Liberia’s Supreme Court has rejected defeated opposition Collaborating Political Parties (CPP) Nimba County Senatorial candidate Edith Gongloe – Weh’s appeal in an election fraud case, saying among others, the swapping of votes during entry of election returns which was corrected did not impact the election results announced by the National Elections Commission (NEC).
“That the certified records in this case revealed that the results from the 741 polling places in Nimba County were certified by representatives of political parties, including the representatives of the appellant and made public by postings,” the Supreme Court ruled Thursday, 8 April.
Since the 8 December 2020 senatorial polls, Madam Gongloe – Weh has been challenging the results which favored sitting Nimba County Representative Jeremiah Koung whose political leader Senator Prince Y. Johnson and the ruling Coalition for Democratic Change (CDC) trade on fertile political grounds.
The Supreme Court ruled “the incidents of storage of election materials at the J.W. Pearson High School campus …, casting of ballots in cartons, [and] breaking of seals in search of the Tamper Evidence Envelopes during tally for preliminary results … did not impact the results of the election announced by the NEC.”
Further, the court said the partitioning of District No. 7 votes between Lower Nimba and Upper Nimba during counting of votes, in its view, did not impact the results of the election announced by the NEC.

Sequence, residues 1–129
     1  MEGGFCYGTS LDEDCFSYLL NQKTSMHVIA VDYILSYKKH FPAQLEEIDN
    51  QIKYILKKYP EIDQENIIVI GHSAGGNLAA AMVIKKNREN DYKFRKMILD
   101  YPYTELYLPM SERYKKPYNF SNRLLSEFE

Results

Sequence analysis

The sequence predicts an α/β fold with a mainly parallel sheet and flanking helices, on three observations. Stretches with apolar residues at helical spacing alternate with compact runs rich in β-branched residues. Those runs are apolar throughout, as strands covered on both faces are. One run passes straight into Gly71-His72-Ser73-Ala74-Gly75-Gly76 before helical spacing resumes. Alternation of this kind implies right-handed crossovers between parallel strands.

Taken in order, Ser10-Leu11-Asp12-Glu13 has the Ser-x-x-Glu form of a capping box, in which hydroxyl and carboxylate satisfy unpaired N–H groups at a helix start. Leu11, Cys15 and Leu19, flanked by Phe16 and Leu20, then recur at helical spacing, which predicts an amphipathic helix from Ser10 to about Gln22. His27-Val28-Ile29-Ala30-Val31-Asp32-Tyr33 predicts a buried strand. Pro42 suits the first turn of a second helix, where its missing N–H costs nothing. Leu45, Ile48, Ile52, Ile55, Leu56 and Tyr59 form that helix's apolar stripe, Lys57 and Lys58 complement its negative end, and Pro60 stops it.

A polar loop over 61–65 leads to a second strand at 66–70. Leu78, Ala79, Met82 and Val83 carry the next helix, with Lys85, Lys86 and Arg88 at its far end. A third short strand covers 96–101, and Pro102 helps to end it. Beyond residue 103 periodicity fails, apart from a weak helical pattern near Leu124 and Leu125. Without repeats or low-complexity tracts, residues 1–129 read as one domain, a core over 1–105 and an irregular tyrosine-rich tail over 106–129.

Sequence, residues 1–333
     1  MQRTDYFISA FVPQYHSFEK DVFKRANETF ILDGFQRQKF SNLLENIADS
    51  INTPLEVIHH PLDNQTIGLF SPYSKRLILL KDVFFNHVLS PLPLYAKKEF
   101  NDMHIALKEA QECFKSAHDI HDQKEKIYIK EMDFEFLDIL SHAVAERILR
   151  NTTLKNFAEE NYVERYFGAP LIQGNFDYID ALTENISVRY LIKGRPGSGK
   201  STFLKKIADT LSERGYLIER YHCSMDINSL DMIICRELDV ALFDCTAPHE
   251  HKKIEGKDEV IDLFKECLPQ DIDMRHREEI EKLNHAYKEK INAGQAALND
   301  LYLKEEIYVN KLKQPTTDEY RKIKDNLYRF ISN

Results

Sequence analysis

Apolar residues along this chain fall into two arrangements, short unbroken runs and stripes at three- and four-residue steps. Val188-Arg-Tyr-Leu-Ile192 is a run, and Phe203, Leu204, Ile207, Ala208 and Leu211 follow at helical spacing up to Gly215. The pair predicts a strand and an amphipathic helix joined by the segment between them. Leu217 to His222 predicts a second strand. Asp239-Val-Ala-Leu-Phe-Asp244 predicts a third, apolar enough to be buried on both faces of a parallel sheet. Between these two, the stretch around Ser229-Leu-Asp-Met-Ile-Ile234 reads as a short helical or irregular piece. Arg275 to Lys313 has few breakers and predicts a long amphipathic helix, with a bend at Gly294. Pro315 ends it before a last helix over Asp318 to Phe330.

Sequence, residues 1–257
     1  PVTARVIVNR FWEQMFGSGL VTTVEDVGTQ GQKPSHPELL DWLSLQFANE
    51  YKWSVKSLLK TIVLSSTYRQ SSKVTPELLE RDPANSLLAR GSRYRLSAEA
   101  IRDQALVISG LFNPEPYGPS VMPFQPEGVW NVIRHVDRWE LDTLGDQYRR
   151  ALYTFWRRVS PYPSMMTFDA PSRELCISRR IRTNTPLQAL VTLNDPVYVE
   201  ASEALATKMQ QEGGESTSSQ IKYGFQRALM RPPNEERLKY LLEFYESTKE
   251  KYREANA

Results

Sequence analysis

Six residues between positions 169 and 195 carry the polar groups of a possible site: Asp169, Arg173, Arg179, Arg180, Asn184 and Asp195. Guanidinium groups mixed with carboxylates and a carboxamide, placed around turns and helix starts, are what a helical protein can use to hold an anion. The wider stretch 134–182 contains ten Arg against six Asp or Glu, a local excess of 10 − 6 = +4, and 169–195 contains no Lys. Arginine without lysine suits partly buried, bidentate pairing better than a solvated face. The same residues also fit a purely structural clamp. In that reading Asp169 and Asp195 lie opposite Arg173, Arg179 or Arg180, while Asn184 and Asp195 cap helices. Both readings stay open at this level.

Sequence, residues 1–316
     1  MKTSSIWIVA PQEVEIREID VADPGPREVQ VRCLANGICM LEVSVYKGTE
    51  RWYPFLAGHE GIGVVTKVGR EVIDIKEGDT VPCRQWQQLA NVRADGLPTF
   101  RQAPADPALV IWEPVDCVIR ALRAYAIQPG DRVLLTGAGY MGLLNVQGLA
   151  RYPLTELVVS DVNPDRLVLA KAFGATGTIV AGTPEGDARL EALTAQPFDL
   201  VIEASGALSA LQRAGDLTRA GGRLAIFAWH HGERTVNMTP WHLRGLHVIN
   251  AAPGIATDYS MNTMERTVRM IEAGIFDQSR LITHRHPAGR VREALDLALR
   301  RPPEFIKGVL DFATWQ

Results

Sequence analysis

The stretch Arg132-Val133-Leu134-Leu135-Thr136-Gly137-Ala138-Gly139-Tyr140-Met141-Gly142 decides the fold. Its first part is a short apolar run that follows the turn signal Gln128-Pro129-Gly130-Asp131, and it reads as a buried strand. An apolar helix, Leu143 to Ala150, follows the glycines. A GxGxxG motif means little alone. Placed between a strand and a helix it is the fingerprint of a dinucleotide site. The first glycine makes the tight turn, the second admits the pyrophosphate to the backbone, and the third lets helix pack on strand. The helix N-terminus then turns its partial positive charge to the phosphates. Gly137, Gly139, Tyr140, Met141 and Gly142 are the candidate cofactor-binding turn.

The Supreme Court therefore affirmed the final ruling of the Board of Commissioners of the National Elections Commission, ordering the Clerk of the Court to send a mandate to the NEC to resume jurisdiction over the case and give effect to the judgment.
Madam Gongloe – Weh had gone to the Supreme Court on appeal after the NEC ruled she did not provide evidence to her allegations of frauds and irregularities against the electoral house.
The NEC denied and dismissed Madam Gongloe – Weh’s complaint and reaffirmed candidate Jeremiah KpanKoung of the Movement for Democracy and Reconstruction as winner of the 8 December 2020 senatorial election in Nimba County.
The complaint was first heard at NEC’s local offices in Nimba County on 12 December 2020 before it was transferred to the commission’s headquarters in Monrovia. By Winston W. Parley